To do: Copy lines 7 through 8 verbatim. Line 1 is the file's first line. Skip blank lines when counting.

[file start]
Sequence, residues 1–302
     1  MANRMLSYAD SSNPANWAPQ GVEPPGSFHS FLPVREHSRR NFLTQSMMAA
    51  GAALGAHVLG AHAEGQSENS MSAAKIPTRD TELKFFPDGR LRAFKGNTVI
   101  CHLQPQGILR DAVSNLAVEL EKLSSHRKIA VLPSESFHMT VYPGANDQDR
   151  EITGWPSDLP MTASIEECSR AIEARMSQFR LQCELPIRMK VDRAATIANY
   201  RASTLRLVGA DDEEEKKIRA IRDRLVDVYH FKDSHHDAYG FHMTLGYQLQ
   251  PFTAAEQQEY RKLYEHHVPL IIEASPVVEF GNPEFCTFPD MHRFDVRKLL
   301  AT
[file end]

   251  PFTAAEQQEY RKLYEHHVPL IIEASPVVEF GNPEFCTFPD MHRFDVRKLL
   301  AT